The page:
A lot of people seem confused about this – even the ones who profess a philosophy or theology that honors marriage, motherhood, and the art of homemaking. They always ask, sometimes rudely, why I haven’t gotten a job away from home. I gather this is what women do before they are ready for children. When I tell them I’m currently a student and a stay-at-home wife, their confusion and shock are palpable. It seems we have forgotten there is another way to end “stay-at-home” besides with the word “mom.”

I do long to be a mother, if the Lord wills. I plan on joining the ranks of stay-at-home-moms one day. These women are some of my biggest heroes. But my service to my home and my husband now is not de-legitimized by my lack of motherhood. I don’t gain the responsibility of homemaking when I gain a child. I formally took it on when I vowed to be a wife; and even before that, the seeds of it were planted in my womanly heart-of-hearts.

I know this is a lame message to be proclaiming in a time and place that so highly espouses the false gospel of feminism. Even within professed complementarian circles, it can feel like a self-indictment to admit that you collect your husband’s dirty laundry from around the house every day, or that you make his dinner plate and bring it to him, or that you make his coffee each morning before you even drink yours. It seems ludicrous that you do anything for him which he could technically do for himself. People think this is a pitiful life to live and that you’re insane to prefer it to more “meaningful” tasks.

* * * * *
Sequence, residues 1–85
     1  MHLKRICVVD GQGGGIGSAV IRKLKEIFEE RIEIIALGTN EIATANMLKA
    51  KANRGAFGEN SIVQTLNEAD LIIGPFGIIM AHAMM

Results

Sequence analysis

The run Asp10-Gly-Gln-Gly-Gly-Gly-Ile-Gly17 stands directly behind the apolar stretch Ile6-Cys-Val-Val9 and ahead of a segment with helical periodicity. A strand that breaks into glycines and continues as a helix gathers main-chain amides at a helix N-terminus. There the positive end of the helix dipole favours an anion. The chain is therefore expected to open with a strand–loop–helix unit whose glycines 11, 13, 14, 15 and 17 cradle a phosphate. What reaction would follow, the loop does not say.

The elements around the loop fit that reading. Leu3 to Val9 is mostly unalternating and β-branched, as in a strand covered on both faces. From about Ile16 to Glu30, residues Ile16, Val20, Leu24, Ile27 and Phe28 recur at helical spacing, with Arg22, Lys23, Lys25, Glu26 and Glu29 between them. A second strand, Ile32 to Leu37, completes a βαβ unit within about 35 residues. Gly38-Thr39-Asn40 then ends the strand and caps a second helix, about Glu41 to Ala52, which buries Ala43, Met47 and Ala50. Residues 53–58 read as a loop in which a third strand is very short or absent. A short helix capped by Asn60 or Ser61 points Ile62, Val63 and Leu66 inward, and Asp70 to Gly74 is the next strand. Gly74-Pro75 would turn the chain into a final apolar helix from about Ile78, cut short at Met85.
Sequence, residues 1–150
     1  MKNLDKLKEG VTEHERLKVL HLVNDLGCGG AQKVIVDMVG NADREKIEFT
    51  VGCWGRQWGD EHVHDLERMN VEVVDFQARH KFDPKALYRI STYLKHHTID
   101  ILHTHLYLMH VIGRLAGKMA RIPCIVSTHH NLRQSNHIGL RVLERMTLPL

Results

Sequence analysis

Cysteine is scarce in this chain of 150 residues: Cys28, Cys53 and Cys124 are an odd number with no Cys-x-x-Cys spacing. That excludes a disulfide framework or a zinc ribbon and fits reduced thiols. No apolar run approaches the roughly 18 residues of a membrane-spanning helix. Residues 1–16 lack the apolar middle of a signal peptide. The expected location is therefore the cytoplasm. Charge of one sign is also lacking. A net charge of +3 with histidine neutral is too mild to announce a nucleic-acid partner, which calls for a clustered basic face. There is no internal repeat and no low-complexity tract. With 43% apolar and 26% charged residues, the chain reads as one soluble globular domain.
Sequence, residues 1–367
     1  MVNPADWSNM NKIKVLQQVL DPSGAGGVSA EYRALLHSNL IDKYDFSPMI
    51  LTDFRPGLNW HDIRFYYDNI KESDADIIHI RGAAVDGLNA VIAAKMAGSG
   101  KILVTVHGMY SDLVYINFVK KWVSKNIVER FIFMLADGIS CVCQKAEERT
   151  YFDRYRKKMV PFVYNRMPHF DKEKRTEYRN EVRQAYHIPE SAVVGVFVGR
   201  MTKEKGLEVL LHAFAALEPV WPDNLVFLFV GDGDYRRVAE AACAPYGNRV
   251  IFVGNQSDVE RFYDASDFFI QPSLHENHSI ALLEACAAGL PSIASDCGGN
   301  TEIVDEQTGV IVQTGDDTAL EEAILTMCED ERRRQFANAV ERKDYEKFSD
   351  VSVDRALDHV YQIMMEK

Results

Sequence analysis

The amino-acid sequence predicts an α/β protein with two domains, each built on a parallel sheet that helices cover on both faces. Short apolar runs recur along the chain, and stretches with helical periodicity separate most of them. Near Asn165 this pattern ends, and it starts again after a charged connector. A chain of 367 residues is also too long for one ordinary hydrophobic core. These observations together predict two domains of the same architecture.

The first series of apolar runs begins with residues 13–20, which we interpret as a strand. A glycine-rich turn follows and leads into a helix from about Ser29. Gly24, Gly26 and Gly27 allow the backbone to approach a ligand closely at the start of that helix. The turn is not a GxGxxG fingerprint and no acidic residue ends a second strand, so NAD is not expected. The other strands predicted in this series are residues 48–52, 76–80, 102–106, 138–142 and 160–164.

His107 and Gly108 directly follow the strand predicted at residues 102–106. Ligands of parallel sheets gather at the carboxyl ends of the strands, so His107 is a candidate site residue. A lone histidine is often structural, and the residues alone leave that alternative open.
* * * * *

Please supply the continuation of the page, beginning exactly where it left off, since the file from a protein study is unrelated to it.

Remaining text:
Some of my current responsibilities are to my church, my education, and my writing ministry; but for the period between March 17, 2018 and the day my marriage covenant is dissolved by death, my primary responsibility and ministry is to promote my husband’s wellbeing. For some women, the wellbeing of her husband requires her to work outside of the home. Many married women have a job and come home after their shift is over to tend to the needs of her family – whether this family includes children or not – and this is honorable. But “stay-at-home wife and student” is what my life looks like. I care for my husband in our home because I know it is beneficial to him, both personally and in work, to have a good environment to operate in.

I am free to work outside or within the home, according to which arena I feel called to. And, at least for now, I am called to the latter. This doesn’t mean I stand in last place on the podium of “Winning At Womanhood.”

Have we forgotten the instructions in Titus 2? There’s a big part of it that gets neglected in favor of the other elements. “Train the young women to love their husbands and children, to be self-controlled, pure, working at home, kind, and submissive to their own husbands, that the word of God may not be reviled” (2:4) (emphasis mine).

The household encompasses much more than what we give it credit for. And we are not swayed by the opinions of ourselves or others, because our positions within the home are rooted in our identity as daughters of Christ and ambassadors of His gospel – regardless of who is the object of our service.